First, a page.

WOMEN WITH SLEEP APNEA HAVE INCREASED RISK OF CANCER

WOMEN WITH SLEEP APNEA HAVE INCREASED RISK OF CANCER

By Charles Kravitz, DDS

We know that men are more at risk of developing sleep apnea. But for women who suffer from OSA the risk of developing cancer is more than your male counterparts, says a recent research published in the European Respiratory Journal. The scientists collected data of 20,000 patients with OSA. It was found that a large percent of these patients were later diagnosed with cancer.

HOW OSA INFLUENCES CANCER

The studies show that people suffering from sleep-disordered breathing have an increased risk of developing cancer and are up to five times more likely to die from the disease.
Once again the culprit is HYPOXIA. The lack of oxygen (hypoxia) caused by untreated Obstructive Sleep Apnea (OSA) can be a catalyst for a process called neovascularization (the creation of new blood vessels), giving a blood supply that can encourage tumor growth.
 Two of the key hormones that fall out of balance—cortisol and melatonin—are critical for maintaining a healthy immune system (cortisol) and for regulating the body’s circadian system (melatonin). In addition, this neurochemical balance can lead to body-wide (systemic) inflammation.


How does this relate to cancer?
Without a healthy immune system, the body can struggle to fight off the aggressive cellular behaviors that can lead to tumors. 
With an imbalance in circadian rhythms as the result of decreased melatonin, the body produces higher amounts of other substances that are risk factors for cancer (for women, higher estrogen can lead to breast cancer, and for men, higher estrogen can lead to prostate, bowel, lung, and bladder cancer). 


Systemic inflammation causes oxidative stress to the organs. Oxidation is a breakdown of tissues that is the consequence of long-term inflammation; oxidative stress refers to the damage that results from unchecked systemic inflammation, which makes it easier for cancer—an opportunistic disease—to establish itself wherever the body is most vulnerable.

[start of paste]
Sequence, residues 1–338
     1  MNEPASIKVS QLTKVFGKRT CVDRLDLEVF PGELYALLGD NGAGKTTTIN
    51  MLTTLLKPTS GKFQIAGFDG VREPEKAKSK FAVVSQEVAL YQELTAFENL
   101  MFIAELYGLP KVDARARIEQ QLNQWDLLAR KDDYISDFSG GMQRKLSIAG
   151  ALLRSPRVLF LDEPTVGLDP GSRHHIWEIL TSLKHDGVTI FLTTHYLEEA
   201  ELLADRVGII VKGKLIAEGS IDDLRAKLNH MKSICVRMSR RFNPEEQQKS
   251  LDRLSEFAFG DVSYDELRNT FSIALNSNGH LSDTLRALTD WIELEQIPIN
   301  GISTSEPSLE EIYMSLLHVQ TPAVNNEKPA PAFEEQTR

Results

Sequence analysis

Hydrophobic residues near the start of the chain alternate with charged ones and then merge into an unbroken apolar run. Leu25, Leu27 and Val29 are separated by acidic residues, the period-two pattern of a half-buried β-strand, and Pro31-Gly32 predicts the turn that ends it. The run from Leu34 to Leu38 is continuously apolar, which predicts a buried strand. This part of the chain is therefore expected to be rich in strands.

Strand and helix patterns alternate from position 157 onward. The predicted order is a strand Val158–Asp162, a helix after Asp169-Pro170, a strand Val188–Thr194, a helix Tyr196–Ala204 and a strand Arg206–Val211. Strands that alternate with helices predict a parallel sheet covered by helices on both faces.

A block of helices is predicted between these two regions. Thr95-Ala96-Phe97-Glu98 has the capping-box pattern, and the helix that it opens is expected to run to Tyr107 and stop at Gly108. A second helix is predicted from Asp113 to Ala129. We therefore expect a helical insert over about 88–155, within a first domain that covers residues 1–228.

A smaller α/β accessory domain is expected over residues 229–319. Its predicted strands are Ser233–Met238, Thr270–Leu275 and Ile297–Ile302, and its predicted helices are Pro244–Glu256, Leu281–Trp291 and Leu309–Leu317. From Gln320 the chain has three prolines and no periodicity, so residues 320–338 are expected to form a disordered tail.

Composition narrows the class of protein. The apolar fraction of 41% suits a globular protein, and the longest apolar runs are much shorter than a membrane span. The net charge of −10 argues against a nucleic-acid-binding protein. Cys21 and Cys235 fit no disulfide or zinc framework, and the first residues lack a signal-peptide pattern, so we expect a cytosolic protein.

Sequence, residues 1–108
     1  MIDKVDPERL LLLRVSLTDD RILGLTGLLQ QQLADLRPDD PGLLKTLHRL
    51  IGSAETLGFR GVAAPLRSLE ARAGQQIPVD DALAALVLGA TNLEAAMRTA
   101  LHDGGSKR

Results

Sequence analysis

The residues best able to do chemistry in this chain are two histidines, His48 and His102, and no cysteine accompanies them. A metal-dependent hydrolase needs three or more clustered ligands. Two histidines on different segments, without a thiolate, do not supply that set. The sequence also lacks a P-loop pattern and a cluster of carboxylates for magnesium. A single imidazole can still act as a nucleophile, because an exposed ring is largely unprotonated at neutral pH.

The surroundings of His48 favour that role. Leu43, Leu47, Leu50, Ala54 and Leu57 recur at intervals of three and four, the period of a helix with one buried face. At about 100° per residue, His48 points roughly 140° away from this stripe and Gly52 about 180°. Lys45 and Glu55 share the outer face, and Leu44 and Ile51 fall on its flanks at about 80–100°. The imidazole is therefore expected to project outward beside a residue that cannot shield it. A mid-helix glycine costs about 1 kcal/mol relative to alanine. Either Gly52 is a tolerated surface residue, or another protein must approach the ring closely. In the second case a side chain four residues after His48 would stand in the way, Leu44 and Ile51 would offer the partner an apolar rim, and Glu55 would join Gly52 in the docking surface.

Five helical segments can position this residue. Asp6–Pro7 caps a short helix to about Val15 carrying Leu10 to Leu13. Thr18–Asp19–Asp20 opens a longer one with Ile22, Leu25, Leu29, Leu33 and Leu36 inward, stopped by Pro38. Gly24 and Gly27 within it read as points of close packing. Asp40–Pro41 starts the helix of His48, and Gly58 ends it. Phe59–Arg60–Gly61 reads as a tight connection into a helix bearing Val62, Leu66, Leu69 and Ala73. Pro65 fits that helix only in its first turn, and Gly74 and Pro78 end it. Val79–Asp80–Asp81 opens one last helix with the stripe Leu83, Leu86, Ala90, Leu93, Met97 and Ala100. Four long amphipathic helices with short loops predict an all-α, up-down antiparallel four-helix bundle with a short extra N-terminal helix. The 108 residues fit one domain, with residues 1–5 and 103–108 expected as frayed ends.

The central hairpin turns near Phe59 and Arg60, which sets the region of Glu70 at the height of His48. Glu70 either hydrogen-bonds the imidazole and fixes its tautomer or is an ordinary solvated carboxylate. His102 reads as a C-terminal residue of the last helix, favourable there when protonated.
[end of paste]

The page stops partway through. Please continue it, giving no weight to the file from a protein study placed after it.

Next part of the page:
Cancer cells thrive in a low oxygen environment. Hospitals will put a patient on oxygen if their O2 levels drop below 92. Untreated OSA can cause oxygen levels to drop anywhere from the 90’s, 80’s and even in the 50’s.


Sleep apnea causes sustained low blood oxygen.

One of the biggest problems with sleep apnea is the way in which it deprives the body of necessary oxygen. Frequent apneas (pauses in breathing that last at least 10 seconds, but often last much longer) lead to nocturnal intermittent hypoxia. Dentists perform exams of  patient’s mouth, neck, and airway on a regular basis while screening for oral cancer. These health screenings are important, lifesaving moments in a patient’s health journey– we can do that with a similarly deadly condition like untreated sleep apnea.


Detecting OSA and leading the way for treatment can add YEARS to a  patient’s lifespan while significantly improving quality of life. Both cancer and OSA have symptoms that can be easily recognized in the chair during a regular checkup. While checking the mouth for masses and swelling, you can also check on the Mallampati score  and be alert to possible concerns you may have. 
Sources: American Sleep Apnea Association, Centers for Disease Control, Mayo Clinic, National Institutes of Health, National Sleep Foundation, The New York Times, Wisconsin Cohort Study, World Health Organization

DIAGNOSING OSA IN WOMEN: The differences

SPECIAL CONSIDERATIONS IN DIAGNOSING OSA FOR WOMEN
According to an article in the European Respiratory Journal, “Obstructive sleep apnea occurs in 50% of females aged 20-70 years. 20% of females have moderate and 6% severe sleep apnea.” 
Swedish scientist Dr. Karl Franklin and his team set out to find out how prevalent sleep apnea is among women and how often symptoms occur. Out of a population-based random sample of 10,000 women between the ages of 20 and 70 years, they gathered data on 400 of them. The test group were given questionnaires which included several questions regarding their sleeping habits and sleep quality. They also underwent overnight polysomnography.

WOMEN ARE LESS LIKELY TO BE DIAGNOSED FOR SLEEP APNEA